As interest rates and dividend scales began to move in the same direction, the Life insurance industry felt intense economic pressure. Older bonds with 4%-6% yields were worth a fraction of their purchase price, but were 'carried on the books' at their original value. Companies could borrow money and add it to their capital account, but not count it as a liability (surplus relief). These and other accounting traditions from calmer days were working against the health of the Life industry of the late 1980s. The rating agencies began wholesale downgrades of their proprietary solvency ratings, adding more fuel to the fire.

Perhaps the most notorious Life company in the 'modern' era was Executive Life. Resurrected from a previously unknown and almost defunct carrier by CEO Fred Carr, Executive Life rose to stardom with its 14% crediting rates, 'Irreplaceable Life' guaranteed issue replacement products, and admittedly some long-needed product innovation in the form of current assumption Whole Life products sold with extremely low annual premiums, or higher premiums projected to 'vanish' in just a few years.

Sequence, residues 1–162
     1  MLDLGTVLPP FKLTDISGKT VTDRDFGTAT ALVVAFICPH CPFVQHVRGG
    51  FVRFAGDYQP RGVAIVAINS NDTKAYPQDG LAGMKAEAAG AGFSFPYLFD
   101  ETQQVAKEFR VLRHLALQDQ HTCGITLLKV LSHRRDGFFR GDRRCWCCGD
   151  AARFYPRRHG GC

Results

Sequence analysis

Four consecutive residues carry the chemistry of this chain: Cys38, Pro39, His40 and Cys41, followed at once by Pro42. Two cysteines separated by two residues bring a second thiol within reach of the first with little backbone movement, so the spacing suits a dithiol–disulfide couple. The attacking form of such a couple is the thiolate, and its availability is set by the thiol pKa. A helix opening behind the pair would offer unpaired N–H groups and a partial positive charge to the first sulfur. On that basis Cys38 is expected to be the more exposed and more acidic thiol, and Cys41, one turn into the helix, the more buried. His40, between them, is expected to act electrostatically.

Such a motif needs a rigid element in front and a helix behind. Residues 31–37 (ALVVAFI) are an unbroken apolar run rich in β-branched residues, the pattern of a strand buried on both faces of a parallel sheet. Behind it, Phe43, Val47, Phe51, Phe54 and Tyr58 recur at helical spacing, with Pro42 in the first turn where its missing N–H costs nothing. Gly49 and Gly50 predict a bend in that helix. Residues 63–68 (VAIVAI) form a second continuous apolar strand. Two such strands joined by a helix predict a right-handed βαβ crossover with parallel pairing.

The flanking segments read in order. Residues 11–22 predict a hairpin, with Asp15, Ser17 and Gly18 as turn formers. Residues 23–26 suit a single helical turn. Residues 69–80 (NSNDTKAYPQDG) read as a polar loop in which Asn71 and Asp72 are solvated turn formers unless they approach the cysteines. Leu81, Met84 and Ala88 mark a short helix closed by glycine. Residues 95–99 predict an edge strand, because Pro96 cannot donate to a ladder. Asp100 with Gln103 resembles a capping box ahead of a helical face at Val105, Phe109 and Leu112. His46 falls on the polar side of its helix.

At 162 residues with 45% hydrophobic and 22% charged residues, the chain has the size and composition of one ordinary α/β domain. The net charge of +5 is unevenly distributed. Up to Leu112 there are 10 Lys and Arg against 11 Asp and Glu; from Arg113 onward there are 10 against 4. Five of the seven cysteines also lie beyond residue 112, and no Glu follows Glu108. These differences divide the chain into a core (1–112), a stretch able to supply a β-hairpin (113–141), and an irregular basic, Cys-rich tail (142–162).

Although not well documented, it’s clear the policyholders surrendered and exchanged a significant number of 'traditional' policies to Executive Life for most of the 1980s. It wasn’t until late 1989 that the financial and popular press began to question the financial shell game that appeared to be behind the spectacular growth of the company. Yet only months before the ultimate demise of the company, policyholders and agents seemed to maintain their belief in Fred Carr.

At the company’s August 1990 annual meeting, Carr made a brief presentation with convincing arguments as to why the company would remain healthy. There were several questions from the audience — mostly friendly — and the meeting adjourned in less than an hour. Barely seven months later, on April 13, 1991, the California Commissioner of Insurance seized the assets of Executive Life and forced the company into a seven-year rehabilitation that severely reduced benefits for millions of Life and annuity policyholders. Executive Life was the largest insurance company failure in U.S. history.